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How to manage state of charge while on shore power

My ABMS system has been in service for a month and I'm delighted at how well it is has integrated with the Victron system I installed at the same time.  Another pleasant surprise was the Victron icon that popped up on my boat's B&G chartplotter when I connected the Cerbo to the boat network.

As I spend more time on the dock finishing up my other projects I'm trying to fight my predisposition to keep my batteries topped-up.   5 years of lead-acid battery experience has me wanting to "make hay while the sun shines".  Lead acid banks thrive on full time full charge.  LiFePO4 banks: not so much.

To keep my batteries at or below 50% SOC I've been fiddling with the end-of-charging parameter CHAR.  Setting it to 3.3 on my LiFePO4 bank leads to the batteries backing down to around 50% SOC.  But there is an unfortunate side effect.  That same variable seems to trigger a recalibration of the SOC to 100%.  This all straightens itself out when I set the CHAR variable back to a higher level, say 3.4, but it does lead to a false indication.

Before I start grabbing other levers and yanking on them, I thought I'd ask if anyone on here has developed a strategy for forcing their SOC to lower values - especially when the system is hooked to shore power for extended periods.

This is an interesting question.   My first thought would be to leave the BMS with its standard parameters and just reduce the settings on my shore power battery charger and MPPTs, but that may have issues that I havent considered as well.

There is also quite a bit of interaction between many of the BMS parameters so you need to be careful on that front too.

I am interested to hear how other users tackle this one, if at all.  Are we just overthinking it?  I wonder how an EV car charging system works if the car is left connected in the garage for long periods.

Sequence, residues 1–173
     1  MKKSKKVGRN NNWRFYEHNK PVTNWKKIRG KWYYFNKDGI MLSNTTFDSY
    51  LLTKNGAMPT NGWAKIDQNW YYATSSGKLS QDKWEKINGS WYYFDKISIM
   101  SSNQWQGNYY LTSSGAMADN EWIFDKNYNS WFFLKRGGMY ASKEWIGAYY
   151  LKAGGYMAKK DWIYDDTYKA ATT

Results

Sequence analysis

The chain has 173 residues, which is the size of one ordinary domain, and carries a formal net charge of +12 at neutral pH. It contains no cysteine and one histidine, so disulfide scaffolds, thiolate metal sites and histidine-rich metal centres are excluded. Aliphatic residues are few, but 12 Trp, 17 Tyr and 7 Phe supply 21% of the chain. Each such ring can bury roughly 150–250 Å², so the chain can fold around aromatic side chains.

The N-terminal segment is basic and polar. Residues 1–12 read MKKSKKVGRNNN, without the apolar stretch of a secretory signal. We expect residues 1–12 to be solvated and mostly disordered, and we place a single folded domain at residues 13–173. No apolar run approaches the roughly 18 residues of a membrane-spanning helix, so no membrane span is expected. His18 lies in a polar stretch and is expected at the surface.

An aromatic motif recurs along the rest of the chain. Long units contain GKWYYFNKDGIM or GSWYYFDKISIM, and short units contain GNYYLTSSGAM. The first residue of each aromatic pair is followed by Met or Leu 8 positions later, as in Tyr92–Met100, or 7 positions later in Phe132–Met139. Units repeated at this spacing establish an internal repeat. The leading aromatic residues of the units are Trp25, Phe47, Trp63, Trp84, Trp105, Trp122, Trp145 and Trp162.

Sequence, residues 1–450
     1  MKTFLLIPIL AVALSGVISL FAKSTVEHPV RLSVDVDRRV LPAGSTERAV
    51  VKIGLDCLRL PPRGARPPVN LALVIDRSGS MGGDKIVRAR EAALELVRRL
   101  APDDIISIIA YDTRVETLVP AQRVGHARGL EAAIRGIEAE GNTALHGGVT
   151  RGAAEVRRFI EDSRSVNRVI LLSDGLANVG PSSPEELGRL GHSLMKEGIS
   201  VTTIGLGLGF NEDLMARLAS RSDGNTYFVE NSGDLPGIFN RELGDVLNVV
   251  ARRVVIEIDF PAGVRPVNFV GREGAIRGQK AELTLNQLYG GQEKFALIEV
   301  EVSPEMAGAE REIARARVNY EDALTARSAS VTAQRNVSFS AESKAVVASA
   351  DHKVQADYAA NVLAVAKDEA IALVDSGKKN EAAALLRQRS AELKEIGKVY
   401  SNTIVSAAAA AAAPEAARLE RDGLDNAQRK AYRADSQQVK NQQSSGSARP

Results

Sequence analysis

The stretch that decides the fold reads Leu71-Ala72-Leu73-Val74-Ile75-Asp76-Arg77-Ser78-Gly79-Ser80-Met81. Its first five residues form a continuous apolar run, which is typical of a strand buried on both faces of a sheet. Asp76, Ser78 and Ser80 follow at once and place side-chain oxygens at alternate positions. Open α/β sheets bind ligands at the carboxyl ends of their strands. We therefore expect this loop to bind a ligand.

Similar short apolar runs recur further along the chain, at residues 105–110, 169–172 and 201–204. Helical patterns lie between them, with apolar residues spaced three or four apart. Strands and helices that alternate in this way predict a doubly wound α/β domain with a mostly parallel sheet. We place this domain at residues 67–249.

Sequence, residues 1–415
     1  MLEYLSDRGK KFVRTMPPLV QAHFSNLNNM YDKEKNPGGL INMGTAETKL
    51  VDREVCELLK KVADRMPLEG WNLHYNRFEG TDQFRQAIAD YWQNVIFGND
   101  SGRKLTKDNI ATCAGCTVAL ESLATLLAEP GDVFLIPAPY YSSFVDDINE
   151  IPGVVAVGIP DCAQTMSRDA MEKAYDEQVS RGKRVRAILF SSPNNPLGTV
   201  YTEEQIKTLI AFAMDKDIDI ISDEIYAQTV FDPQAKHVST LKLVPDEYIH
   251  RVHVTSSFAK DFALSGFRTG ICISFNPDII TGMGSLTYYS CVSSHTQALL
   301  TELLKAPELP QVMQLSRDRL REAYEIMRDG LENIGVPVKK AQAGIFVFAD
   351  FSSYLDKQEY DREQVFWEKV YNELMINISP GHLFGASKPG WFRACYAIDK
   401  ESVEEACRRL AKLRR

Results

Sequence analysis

Rich and Rick,

How best to "store" our house bank of LiFePo4 managed by a REC Active BMS has been an ongoing concern for us since installing the system 2 years ago. Our system includes a Victron Multiplus, Cerbo GX, Victron MPPT, and Wakespeed WS500  all controlled via CANbus by the REC.

I have messed around with the End of Charge voltage, but have seen odd effects with that scenario on occasion (like the bank cycling down to under 20% SOC). What really concerns me about this approach, is it does not seem completely repeatable (which seems very odd, but is my experience).

The other issue I have with the lack of any "storage" mode, is that our solar sits completely unused most of the time, as the REC (even when functioning properly) shallow cycles the battery bank (drops ~5% then kicks in charge sources, which will include solar if it happens to be day time when this happens).

I would love a control like our Tesla, where you set the SOC% you want the car to charge to, and then it just sits at that SOC while connected to shore power.

Another thread discussed changing a charge limit on the Cerbo GX (DVCC Charge Limit, if I recall correctly), but I have been unable to access that parameter on my system.  May need a firmware update, or just a more careful investigation.

Following with interest!

 

There are different ways to do.

A easy way is in a GX product, under DVCC, set MAX voltage to 13.1V or 13.2V.

Negative side effect:

If you do this for a long time,  batteries can become slowly out off balance, maybe the BMS, can never get the cells balanced again.

Although this can be solved with a manual balance.

 

Balancing at lower voltage then 14.0V seams also not usefully and has negative side effects.

Above are just some personal insights created from different test and setups.

This is an interesting topic and there are some good points here.

After more than 10 years experience with various LFP cells, like Ben I have found that trying to maintain an LFP pack at a partial state of charge for long periods has been a challenge.  Because the mid range profile of LFP cells is so flat it becomes almost impossible to balance them in that range.  You really need to have them in the 3.4V range and up where there is a measurable change in cell voltage vs charge %.

Maybe taking the cells up to 100% once every month and then let them drop back to 60% is an idea, but would that even be practical in a real time scenario?

As Ben points out, you need to weigh the benefits of letting you cells float at 60% and then when you come back to use the boat, possibly contend with potential trips and warnings, as the BMS tries to deal with an out of balance pack, vs keeping them topped up and balanced.

I would love to hear if anyone has a practical working solution for this one.

Packs that comes out off balance is mainly cheaper cells.

I dont see this with Winston cells for example.

I think balancing below 3.5V has negative side effects.

 

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